The crude oil market is in turmoil. Oil-producing countries should work together to make efforts to stabilize prices in order to prevent the damage from extending to the global economy.
Crude oil futures in New York, which had reached $60 per barrel in January, plummeted to about $20 in March. On April 20, prices went into negative territory for the first time in history.
In this situation, no buyer can be found even if prices reach zero, and the seller has to pay the buyer to take the crude oil. It is nothing less than extraordinary.
In the New York market, when the settlement date is reached while a seller holds crude oil futures, it is necessary to take back spot goods. Speculators looking for a profit margin usually do not expect to take them back.
As settlement dates approach, stocks have piled up due to a drop in demand caused by the spread of the new coronavirus. It seems that crude oil was dumped at lower prices as there was no space in crude oil storage facilities. Although the prices made a U-turn into positive territory, they are still hovering at around $20.
It was oil-producing countries themselves that triggered the plunge in crude oil prices. In early March, negotiations between Saudi Arabia and Russia, two major oil-producing countries, broke down over coordinated production cuts aimed at shoring up prices. However, they even expressed their intention to ramp up production instead.
Their move for a production increase, which aimed to take control of the crude oil market by expanding their share, worked against them. Even though the spread of the infectious disease was an unforeseen situation, the drop in prices must be described as their own fault.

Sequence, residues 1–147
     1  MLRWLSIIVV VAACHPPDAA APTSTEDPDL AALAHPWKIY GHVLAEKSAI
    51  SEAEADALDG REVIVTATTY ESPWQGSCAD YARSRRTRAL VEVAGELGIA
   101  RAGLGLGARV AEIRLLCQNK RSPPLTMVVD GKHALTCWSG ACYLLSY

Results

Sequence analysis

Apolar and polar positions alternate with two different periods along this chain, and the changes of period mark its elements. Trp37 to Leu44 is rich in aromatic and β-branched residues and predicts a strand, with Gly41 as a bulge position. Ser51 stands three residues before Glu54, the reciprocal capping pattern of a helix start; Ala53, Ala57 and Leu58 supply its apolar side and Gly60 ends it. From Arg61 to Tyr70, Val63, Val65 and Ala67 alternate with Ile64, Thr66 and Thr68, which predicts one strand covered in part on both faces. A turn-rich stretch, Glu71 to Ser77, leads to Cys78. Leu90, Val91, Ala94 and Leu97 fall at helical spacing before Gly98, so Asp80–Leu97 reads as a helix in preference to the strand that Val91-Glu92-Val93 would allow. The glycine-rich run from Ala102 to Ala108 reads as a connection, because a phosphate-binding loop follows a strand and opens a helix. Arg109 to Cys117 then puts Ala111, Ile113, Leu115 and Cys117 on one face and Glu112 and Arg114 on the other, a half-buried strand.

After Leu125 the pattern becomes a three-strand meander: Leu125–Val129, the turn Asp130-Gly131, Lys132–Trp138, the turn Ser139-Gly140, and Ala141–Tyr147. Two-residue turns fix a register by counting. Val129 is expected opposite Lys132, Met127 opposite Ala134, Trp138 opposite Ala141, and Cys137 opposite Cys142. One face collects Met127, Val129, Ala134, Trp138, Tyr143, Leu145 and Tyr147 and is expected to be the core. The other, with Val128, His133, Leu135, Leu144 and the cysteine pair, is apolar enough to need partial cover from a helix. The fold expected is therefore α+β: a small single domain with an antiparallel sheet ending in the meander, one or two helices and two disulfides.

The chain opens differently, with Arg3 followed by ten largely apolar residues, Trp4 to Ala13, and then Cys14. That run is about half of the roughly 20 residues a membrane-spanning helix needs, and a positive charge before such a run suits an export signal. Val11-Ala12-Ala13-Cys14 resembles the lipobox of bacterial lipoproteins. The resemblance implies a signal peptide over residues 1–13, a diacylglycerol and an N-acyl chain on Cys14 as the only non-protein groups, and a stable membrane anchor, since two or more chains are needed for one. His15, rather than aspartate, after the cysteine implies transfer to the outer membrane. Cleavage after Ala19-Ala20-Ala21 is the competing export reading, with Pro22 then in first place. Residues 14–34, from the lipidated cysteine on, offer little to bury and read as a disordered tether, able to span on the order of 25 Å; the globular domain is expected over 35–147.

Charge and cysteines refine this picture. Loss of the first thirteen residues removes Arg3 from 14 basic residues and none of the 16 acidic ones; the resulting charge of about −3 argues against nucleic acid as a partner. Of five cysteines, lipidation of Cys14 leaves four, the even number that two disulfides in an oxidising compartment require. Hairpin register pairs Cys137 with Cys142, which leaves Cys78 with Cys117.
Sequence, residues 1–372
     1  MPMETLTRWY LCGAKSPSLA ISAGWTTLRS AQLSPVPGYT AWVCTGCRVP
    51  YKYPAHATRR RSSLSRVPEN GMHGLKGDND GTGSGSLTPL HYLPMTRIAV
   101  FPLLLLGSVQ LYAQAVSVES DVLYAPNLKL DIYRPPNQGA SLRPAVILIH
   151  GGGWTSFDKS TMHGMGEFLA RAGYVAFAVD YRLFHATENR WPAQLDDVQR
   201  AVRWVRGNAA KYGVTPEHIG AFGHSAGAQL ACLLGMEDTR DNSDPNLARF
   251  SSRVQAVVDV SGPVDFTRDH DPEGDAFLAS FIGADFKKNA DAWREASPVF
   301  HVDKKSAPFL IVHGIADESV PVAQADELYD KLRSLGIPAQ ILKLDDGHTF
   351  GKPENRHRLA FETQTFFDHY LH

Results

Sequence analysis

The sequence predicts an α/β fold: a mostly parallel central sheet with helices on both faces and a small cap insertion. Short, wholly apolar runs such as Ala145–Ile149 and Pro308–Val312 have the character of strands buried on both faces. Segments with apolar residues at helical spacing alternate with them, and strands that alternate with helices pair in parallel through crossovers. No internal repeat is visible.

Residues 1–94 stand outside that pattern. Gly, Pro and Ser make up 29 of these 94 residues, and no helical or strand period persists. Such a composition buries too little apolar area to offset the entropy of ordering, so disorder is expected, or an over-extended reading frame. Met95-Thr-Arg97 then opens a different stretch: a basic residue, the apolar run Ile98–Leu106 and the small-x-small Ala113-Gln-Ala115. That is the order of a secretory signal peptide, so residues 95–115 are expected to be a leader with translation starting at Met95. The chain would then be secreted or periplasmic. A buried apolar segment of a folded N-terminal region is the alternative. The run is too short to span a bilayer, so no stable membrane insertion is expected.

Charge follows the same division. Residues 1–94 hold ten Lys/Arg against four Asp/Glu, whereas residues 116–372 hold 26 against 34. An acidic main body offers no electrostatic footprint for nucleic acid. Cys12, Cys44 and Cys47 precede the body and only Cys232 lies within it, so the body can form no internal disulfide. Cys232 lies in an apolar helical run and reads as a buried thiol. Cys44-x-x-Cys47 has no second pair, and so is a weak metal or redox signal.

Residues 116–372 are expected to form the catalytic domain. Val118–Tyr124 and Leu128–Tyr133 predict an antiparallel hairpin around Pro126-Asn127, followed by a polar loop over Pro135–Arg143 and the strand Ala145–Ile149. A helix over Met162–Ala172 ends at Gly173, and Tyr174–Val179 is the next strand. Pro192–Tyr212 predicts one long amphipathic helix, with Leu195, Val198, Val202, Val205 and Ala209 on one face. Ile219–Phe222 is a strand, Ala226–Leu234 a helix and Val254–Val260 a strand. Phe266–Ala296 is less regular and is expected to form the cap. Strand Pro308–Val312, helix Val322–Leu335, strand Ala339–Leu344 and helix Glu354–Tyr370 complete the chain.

Falling crude oil prices greatly benefit consumer countries such as Japan, but could shake up financial markets. If oil-producing countries withdraw oil money from the market due to their deteriorating fiscal conditions, that could lead to falling stock prices across the world.
There is also a fear of shale oil-producing companies in the United States collapsing one after another. Japanese companies and household budgets would inevitably be hit if financial unrest spreads globally due to ballooning losses of funds for corporate bonds and financial institutions that lend money.
The governments of each country should keep an eye on price developments and the impact of price falls.
The problem is how to stabilize crude oil prices.
On April 12, a group of countries called OPEC Plus, which consists of the Organization of the Petroleum Exporting Countries (OPEC), including Saudi Arabia, and non-OPEC member countries such as Russia, agreed to a reduction of a record 9.7 million barrels per day.
However, the decrease in demand due to the infectious disease is expected to approach 30 million barrels per day. Additional coordinated production cuts are required.
The absence of the United States, the world’s largest oil producer, as part of the group has also weakened the effectiveness of the production cuts.
Unlike Saudi Arabia and other countries where oil production is under state control, it is difficult to force private companies to refrain from producing crude oil.
However, this case is an emergency. It is hoped that the United States and other oil-producing countries, including Canada, will cooperate in reducing crude oil production.
— The original Japanese article appeared in The Yomiuri Shimbun on May 6, 2020.